Shut Up

Do you know what this is? No? Then shut up.

According to my children, “shut up” ranks up there with the worst of the “bad” words a primary school child is forbidden to say. Not too long ago, I used that phrase and here again today, “shut up” is the only rebuttal appropriate for a comment I was reading on a major media site.

This post has nothing to do with the actual article, though. In fact, my viewpoint on the situation is irrelevant. The reason I am saying “shut up” is that in a lot of comment and “letters to the editor” pages, the compulsion for someone to take away any doubt that they were an idiot outweighs any prudence or embarrassment that they are, in fact, an idiot.

What gate opened up to motivate these morons to chime in with their obvious, ill-timed, or just plain stupid observation? And to make things even more traumatic, in a lot of the news, the victim’s privacy and anger over the event, the hurt and embarrassment visited on the perpetrator’s family, the shame felt by coworkers, colleagues, etc. far outweighs the absolute insanity of “anonnumus” posting that “maybe it was the victim’s fault”, or “Obama’s birth certificate” was involved, or our mystery writer expounds on their experience being similar to when their front porch fell and killed all their dogs.

Apparently, none of this outweighs the need to be a public dunce. Perhaps part of the problem in anonymity is that people feel compelled to say what they think, which in this and more than a few other cases, isn’t much.

Back to us, though. I did see a similar reaction to several April Fool’s posts on FireRescue1.com. In pulling the page back up tonight to link at it, I’m amazed that seven days later there are still people who don’t stop, read the whole article, then read to see what others have said, before posting their own completely moronic response. “Shut up”, remember?

While the headline drew me in that day and my initial reaction was “WTF?” I was happy that I take a lot of what anyone says at face value anyway. Of course, I then took the time to read the entire article and got all the details prior to opening my mouth, or in this case, tapping out a comment that would expose my ignorance. You would think that the Mayor’s name in the one article might tip you off. Instead, a few of our own read what, two sentences, and type.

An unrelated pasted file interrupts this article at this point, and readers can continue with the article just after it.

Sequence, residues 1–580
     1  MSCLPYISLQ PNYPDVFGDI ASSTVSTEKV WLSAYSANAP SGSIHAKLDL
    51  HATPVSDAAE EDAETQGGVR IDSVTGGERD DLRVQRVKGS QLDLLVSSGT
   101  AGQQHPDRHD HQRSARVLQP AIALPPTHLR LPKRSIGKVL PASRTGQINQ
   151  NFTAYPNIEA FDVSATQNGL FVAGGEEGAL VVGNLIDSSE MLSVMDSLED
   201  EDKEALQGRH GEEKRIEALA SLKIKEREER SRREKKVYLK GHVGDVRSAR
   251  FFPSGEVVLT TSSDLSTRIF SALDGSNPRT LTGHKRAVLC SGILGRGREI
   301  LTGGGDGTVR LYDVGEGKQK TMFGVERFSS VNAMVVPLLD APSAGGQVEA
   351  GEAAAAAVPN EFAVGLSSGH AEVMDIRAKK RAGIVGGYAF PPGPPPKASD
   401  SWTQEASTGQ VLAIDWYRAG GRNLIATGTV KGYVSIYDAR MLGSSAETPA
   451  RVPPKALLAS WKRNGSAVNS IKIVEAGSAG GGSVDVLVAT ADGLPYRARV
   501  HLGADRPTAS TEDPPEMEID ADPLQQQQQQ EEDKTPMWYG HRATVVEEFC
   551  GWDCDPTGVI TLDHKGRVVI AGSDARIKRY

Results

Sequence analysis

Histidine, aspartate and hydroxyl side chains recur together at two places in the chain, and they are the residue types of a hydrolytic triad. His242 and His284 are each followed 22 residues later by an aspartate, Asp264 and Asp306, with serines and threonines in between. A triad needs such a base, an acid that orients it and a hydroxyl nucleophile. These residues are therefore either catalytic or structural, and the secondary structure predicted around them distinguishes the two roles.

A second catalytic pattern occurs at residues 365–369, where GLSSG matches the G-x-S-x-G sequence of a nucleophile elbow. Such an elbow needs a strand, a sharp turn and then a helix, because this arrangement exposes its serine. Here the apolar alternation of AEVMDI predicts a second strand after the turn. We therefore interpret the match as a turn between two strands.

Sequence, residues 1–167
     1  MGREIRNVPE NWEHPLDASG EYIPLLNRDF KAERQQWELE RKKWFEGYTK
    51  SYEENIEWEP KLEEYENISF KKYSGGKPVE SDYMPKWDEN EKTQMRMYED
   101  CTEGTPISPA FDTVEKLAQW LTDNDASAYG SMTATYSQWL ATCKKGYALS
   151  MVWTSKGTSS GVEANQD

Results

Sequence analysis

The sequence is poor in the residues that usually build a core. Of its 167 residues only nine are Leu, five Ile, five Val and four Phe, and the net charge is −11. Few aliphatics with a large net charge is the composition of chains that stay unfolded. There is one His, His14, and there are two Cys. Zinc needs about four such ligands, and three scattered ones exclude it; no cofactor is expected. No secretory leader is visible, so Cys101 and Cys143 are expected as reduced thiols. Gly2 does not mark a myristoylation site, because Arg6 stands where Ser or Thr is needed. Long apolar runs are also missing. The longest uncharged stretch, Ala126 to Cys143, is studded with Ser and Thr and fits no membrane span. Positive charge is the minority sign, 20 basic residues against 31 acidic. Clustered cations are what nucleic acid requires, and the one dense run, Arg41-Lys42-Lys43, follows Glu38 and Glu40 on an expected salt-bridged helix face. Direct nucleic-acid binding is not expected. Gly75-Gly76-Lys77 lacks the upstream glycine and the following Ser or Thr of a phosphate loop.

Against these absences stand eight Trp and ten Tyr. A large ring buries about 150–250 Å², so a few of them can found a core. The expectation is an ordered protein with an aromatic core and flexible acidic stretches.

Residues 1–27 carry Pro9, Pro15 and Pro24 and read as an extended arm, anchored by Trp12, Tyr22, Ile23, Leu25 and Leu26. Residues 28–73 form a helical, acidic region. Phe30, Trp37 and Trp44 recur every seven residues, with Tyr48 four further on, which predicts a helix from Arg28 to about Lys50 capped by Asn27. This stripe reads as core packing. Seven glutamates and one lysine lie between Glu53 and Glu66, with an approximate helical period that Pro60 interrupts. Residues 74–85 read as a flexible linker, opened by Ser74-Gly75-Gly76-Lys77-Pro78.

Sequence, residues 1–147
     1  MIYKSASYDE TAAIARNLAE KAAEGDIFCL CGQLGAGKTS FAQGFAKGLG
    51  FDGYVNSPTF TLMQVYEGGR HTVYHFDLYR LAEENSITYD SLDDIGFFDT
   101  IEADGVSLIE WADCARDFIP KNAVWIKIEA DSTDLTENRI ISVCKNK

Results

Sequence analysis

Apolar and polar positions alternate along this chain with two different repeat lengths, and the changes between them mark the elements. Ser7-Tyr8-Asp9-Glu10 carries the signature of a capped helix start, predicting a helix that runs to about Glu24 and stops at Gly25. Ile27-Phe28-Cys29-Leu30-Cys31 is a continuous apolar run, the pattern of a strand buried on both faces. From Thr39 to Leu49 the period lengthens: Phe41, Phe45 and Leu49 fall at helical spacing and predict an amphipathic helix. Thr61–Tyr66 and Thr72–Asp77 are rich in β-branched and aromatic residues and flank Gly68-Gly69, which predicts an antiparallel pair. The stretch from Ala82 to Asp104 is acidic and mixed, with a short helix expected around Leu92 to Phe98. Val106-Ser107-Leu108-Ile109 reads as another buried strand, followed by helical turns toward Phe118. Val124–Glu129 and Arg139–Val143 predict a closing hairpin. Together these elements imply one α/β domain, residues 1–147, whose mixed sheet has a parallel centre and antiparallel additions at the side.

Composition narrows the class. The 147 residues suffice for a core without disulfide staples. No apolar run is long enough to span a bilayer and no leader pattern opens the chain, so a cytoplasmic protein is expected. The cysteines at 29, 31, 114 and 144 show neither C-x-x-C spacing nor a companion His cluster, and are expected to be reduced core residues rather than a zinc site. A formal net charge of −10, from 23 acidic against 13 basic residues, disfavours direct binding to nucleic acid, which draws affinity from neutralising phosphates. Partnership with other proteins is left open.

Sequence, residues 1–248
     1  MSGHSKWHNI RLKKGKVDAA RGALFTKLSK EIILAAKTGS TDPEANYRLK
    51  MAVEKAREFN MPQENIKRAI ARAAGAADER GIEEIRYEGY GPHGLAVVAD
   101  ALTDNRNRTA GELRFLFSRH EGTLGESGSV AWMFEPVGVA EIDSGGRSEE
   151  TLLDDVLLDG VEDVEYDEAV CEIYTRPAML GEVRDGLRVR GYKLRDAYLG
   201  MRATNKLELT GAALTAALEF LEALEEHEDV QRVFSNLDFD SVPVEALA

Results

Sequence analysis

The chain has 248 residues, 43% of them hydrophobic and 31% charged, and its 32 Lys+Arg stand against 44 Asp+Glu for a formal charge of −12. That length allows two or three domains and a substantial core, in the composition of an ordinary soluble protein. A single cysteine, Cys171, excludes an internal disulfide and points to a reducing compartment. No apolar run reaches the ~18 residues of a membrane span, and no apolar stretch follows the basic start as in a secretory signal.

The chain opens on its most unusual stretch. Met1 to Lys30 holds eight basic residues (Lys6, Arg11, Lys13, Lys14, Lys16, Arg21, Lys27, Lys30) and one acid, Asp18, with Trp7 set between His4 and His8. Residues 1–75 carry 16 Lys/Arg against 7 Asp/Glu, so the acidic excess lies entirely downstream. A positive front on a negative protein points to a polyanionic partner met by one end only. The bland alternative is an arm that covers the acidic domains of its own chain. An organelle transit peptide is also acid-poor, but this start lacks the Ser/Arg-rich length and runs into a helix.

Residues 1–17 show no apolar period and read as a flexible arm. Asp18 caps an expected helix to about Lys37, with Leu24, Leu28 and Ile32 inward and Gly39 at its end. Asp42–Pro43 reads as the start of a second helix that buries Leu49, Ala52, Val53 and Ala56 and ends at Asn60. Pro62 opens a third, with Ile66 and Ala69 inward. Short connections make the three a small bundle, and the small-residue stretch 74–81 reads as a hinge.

I can appreciate the pent up rage and frustration felt by those of us trying to maintain a positive image of our business. And I too see red at some of the statements made by politicians, the media, and others. But before posting your manifesto, do us all a favor and save us the embarrassment of having to explain the joke to you.

I guess the same could be said about my blog, but if you will take careful notice, I rarely write a rant. Want to know why? Because first, unless I am there, I don’t have all the facts. So I prefer to read things and believe there is probably more to the story. Secondly, even if what is said or done is really inflammatory, I give credit to the writer for putting their own personal spin on it, regardless of whether the bias is intentional or unintentional. So sometimes the headline is being written to draw us in and sometimes, it’s to pick a fight. And certainly not least, I believe that there are plenty of places on the internet you can go to if you want controversy, or negativity, or anger. I’m trying to provide a forum. I ask for people to embrace ideas they don’t necessarily agree with. You don’t have to own it; I just want you to look at it.

Before going off on someone, perhaps these people should write what they think, then save it. Walk away and if you still feel compelled to share it, then do so. But think about what you say, especially when all you plan to say is stupid anyway. Your fifteen minutes of fame may be your only fifteen minutes. Make it count.

  • http://www.firehousezen.com truck6alpha

    Okay, I walked away from the computer and checked some mail, then came back to see this: http://www.firerescue1.com/fire-products/apparel/articles/1004130-American-flag-removed-from-firefighter-uniforms-in-Calif/

    Of course, you must then go down and read the comments. At no point in the article does it say the American Flag is being banned, nor does it have anything to do with Hispanics, and there’s nothing unpatriotic about the decision they made. They are removing the Flag PATCH from their uniforms and being given the opportunity to wear the US Flag on their nameplate.

    They have reasons. They are logical reasons. They are not renouncing their citizenship or putting on a Libyan flag or burning bibles. They are trying to get their uniforms to look uniform. But of course, we have the clueless, inspiring other clueless individuals, teaming up for a whole line of cluelessness. What’s the emoticon for shaking your head sadly?

  • tom meditz

    A great blog as always. I have noted that the number of people that write comments on news stories is often fairly low and very rarely more that a couple of hundred. While I find many of the comments raise my systolic pressure, I also realize that out of our entire country only 200 or so are brain dead and that is a good thing. Now if they could only spell.